Monday, 18 February 2013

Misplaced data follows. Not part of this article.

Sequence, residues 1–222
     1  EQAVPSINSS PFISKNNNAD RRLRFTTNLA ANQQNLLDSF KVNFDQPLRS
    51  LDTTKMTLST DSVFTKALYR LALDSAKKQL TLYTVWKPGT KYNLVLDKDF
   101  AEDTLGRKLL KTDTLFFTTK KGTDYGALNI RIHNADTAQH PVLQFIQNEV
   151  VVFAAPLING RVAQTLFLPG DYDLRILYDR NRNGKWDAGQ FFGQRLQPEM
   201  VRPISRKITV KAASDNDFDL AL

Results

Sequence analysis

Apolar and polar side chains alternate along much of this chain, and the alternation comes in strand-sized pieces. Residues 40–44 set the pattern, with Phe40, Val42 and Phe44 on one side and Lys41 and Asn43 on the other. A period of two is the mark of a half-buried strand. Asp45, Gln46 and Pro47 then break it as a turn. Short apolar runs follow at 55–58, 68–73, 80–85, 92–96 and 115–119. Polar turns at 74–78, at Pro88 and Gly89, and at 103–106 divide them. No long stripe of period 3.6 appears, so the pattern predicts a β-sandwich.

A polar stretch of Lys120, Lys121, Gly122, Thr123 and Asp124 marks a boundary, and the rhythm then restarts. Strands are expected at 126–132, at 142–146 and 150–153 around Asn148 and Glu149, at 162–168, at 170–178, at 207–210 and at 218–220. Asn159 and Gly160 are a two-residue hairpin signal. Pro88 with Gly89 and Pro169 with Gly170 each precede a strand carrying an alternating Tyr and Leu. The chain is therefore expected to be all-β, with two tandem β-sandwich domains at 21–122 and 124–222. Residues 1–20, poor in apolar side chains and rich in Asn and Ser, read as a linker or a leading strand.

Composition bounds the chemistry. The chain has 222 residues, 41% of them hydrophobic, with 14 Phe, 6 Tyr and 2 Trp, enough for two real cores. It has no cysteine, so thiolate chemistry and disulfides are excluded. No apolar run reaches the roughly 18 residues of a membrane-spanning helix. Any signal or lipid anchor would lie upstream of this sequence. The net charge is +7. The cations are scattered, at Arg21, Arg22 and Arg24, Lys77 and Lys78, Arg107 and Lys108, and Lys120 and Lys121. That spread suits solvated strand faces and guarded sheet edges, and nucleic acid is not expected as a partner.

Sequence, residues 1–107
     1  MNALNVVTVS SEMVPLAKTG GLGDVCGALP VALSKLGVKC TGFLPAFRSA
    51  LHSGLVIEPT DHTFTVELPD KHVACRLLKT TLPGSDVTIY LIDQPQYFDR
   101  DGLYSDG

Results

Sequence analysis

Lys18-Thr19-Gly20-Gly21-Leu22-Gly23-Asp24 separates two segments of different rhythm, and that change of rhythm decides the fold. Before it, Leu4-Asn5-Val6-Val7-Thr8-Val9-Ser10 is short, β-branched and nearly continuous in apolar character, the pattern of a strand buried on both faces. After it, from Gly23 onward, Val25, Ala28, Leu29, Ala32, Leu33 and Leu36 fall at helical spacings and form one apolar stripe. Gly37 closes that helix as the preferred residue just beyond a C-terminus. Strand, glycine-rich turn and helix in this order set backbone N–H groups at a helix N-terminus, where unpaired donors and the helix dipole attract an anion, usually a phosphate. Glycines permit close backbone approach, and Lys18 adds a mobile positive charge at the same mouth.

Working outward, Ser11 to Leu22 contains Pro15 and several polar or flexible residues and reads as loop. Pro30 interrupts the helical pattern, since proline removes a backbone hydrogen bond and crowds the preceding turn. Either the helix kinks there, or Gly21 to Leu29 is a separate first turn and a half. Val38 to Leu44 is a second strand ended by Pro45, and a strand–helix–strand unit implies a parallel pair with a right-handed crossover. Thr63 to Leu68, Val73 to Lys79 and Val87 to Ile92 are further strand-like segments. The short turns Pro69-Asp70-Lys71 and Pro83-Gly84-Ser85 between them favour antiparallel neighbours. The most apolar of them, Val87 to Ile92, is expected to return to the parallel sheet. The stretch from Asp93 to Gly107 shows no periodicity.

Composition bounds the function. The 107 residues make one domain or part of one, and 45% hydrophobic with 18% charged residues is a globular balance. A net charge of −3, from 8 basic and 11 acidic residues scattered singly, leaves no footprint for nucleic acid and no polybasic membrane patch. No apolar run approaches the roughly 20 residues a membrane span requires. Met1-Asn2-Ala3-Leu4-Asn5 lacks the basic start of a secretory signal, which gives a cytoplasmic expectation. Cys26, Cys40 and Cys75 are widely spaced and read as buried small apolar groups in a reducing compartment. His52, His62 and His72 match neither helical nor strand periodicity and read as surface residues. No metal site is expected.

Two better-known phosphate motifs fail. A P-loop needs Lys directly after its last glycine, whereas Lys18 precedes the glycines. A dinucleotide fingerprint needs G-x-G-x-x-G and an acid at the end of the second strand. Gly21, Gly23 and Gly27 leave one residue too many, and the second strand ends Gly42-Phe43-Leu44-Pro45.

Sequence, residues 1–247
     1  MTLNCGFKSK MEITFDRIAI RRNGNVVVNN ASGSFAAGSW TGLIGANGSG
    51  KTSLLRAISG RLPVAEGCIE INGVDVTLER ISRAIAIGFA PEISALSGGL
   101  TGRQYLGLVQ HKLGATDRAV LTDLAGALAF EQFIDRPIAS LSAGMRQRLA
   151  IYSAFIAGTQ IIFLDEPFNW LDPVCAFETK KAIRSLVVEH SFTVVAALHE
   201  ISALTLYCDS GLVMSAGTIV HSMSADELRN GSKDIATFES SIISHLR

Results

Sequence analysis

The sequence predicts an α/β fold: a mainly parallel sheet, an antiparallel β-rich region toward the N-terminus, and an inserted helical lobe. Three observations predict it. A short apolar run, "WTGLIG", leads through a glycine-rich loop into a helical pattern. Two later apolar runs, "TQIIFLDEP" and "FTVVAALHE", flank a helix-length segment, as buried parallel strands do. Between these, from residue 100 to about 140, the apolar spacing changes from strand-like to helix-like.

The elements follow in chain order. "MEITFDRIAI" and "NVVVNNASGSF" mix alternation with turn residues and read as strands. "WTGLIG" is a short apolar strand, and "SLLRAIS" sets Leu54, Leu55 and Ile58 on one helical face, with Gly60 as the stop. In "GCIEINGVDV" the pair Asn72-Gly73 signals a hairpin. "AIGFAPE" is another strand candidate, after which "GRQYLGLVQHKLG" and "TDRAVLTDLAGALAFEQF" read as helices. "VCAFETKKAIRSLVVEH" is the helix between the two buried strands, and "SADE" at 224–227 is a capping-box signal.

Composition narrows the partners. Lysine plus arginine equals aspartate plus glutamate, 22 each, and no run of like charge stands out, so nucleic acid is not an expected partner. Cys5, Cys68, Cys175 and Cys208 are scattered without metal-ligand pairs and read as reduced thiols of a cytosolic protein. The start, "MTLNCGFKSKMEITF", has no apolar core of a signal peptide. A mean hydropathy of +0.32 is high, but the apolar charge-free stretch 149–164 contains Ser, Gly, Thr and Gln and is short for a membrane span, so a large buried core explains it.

With new media consumption patterns emerging, measuring media audiences has become a challenge. Yet, solving the problem is critical because without sound understanding of media consumption it is hard to justify advertising budgets, which in the U.S. today, stand at around half a trillion dollars (all media confounded). Just TV advertising, which is traditionally driven by media ratings, represents some $75 billion. The industry faces three broad problems related to measurement. First. little is known about consumers' behavior on new media. Take online video that seems to take off fast, yet there are huge differences in the estimates on how much time consumers spend watching it (for 2012, comScore estimated 4.2 billion hours while Nielsen's guess was a little more than 1 billion hours). The second problem concerns traditional media (mostly Television) and relates to time-shifted viewing. Consumers save shows for later viewing and devices often screen out the advertising. It is difficult to estimate the proportion of consumers affected but if time-shifted viewing becomes general, the implications are dramatic for the advertising industry. The final problem relates to the trend that, increasingly, consumers are connected to multiple devices (e.g., while they watch TV, they do other things on their tablets or smartphones). The industry talks about the "second screens" phenomenon. Here, it is not even clear how to measure the impact. Consumers watch the show, but are they turning to their i-Pads during the ads?